The design and implementation of an ultra high cycle fatigue testing machine

McMillan, Tristan John
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This work serves to detail the design, implementation and validation of the Ultra High Cycle Fatigue Test rig. The rig has been designed using a modular design methodology. The design philosophy implemented was to keep the overall design as simple as possible so as to reduce manufacturing costs while allowing for modular changes so that the rig can be modified for future conceivable test methods in the ultra-high frequency region. Three versions of the design were created namely the Mark 1, 2 and 3. Each of the versions was an iterative improvement on the previous. The initial Mark 1 was a simple system with no rig and a simple strain measurement system. The Mark 2 consisted of the full test rig setup with both strain gauges and laser acquisition used for the measurement system. Finally the Mark 3 system was created with only the laser used for data acquisition. The final design only implemented the non-contact laser vibrometer measurement system. This was due to the fact that the operational costs were lower with the laser vibrometer, as unlike the strain gauges, it did not need to be replaced after each test. The data was also more repeatable and reliable as the system was stable during testing with no abrupt failures. A 2D finite element method (FEM) code was developed and validated against MSc Nastran for the development of the horn and specimen geometries. The FEM code was used in the design process to accurately predict the geometry such that an axial displacement natural mode is excited at the input frequency of the system. The horn and specimen were designed to resonate at the power generation output frequency of 20 kHz. The final design was validated using comparative data for Aluminium AL2024 with current test data available from literature. This data comparison indicated that the designed rig produces accurate and repeatable data with a good correspondence to similar test data. Furthermore the rig was used to obtain fatigue data for aluminium material AL7075 in the region of 106 to 109 cycles. The data for AL7075 was presented against comparative data as found in the literature survey which indicated that data showed a good correspondence to standard fatigue test data for smooth specimens. Comparisons on the effect of the surface finish on the data obtained using the ultra-high cycle fatigue testing system were conducted and it was found that, as per the literature study, this had a negligible effect on the final result.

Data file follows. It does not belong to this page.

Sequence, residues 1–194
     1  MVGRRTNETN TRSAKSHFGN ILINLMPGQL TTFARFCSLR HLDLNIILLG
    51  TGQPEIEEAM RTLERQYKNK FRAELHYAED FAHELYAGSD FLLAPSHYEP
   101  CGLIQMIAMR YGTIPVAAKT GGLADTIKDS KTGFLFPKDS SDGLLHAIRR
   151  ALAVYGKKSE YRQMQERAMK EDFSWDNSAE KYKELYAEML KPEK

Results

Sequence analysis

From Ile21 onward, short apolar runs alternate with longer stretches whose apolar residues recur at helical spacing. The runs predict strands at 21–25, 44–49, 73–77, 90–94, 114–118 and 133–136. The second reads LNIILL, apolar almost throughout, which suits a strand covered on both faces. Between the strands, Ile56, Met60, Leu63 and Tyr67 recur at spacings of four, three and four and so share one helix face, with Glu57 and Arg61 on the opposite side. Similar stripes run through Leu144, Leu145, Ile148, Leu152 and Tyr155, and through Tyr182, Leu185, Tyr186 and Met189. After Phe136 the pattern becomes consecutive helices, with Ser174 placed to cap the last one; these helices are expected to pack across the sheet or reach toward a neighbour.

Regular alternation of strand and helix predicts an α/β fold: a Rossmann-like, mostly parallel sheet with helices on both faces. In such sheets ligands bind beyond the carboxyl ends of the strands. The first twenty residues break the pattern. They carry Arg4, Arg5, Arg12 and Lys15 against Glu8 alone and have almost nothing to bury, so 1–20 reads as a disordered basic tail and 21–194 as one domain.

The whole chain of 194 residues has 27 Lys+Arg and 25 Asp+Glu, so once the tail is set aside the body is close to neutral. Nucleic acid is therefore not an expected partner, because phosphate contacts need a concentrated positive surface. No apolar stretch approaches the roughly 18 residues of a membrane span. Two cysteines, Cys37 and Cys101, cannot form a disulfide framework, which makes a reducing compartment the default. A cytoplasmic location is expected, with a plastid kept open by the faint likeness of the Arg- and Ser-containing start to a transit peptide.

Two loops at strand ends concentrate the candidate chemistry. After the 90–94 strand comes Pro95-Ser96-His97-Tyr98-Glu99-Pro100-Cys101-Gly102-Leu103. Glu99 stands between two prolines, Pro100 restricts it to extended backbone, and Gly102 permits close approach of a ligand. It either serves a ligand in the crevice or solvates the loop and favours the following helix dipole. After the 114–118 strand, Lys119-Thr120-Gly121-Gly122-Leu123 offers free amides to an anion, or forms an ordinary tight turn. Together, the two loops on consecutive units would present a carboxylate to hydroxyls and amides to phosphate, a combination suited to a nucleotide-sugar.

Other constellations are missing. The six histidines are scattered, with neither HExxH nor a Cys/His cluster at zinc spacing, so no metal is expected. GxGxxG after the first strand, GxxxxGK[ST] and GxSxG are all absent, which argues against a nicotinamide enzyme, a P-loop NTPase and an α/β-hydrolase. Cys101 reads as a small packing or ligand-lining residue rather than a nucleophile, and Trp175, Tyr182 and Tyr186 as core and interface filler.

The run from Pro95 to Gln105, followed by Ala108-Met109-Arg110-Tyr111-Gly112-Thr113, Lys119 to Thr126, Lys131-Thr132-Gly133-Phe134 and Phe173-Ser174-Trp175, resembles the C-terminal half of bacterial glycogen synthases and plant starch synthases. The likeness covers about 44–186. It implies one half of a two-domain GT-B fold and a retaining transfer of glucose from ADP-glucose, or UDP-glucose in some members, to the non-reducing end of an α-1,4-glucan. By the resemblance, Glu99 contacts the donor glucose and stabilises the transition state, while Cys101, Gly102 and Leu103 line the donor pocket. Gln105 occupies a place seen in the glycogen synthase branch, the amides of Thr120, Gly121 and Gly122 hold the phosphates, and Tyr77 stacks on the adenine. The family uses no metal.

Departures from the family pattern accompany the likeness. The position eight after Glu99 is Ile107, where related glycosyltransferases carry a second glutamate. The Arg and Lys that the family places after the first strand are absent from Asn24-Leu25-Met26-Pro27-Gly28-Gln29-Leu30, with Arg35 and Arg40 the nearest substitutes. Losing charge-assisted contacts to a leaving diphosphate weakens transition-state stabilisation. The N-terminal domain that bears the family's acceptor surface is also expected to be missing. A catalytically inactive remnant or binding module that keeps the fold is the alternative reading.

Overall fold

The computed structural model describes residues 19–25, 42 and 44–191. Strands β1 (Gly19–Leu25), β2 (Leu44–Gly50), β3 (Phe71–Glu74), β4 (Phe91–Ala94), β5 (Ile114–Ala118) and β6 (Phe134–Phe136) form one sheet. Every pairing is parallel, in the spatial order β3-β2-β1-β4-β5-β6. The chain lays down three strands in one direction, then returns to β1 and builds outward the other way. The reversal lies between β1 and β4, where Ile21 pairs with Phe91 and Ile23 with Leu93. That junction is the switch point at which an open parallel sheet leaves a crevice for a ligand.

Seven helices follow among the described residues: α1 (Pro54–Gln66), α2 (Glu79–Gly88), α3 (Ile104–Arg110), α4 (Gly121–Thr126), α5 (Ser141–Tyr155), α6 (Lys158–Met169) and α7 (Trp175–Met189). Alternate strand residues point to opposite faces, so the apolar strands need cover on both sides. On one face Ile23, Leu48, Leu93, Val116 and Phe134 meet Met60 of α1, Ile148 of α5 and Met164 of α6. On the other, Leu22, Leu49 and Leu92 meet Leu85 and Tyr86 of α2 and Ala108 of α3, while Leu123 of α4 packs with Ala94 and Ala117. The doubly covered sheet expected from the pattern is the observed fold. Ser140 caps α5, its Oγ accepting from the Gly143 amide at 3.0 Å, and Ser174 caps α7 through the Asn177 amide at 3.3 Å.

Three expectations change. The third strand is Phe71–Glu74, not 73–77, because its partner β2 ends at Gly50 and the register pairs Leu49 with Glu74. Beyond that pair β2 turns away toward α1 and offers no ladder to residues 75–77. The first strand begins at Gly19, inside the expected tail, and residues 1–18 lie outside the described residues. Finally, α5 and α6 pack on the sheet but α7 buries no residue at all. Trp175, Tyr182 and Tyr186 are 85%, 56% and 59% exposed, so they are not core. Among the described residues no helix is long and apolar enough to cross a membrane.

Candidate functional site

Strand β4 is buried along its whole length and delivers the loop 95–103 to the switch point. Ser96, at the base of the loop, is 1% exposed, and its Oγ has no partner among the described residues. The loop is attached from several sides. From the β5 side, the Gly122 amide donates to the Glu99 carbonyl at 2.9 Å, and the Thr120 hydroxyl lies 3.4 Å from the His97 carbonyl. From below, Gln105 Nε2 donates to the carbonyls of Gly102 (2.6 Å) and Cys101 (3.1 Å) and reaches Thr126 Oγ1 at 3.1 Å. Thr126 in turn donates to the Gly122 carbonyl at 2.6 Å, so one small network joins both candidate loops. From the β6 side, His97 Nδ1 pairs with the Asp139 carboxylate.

This research dissertation is submitted to the Faculty of Engineering and the Built Environment, University of the Witwatersrand, in fulfilment of the requirements for the degree of Masters in Engineering. 26 October 2015, Johannesburg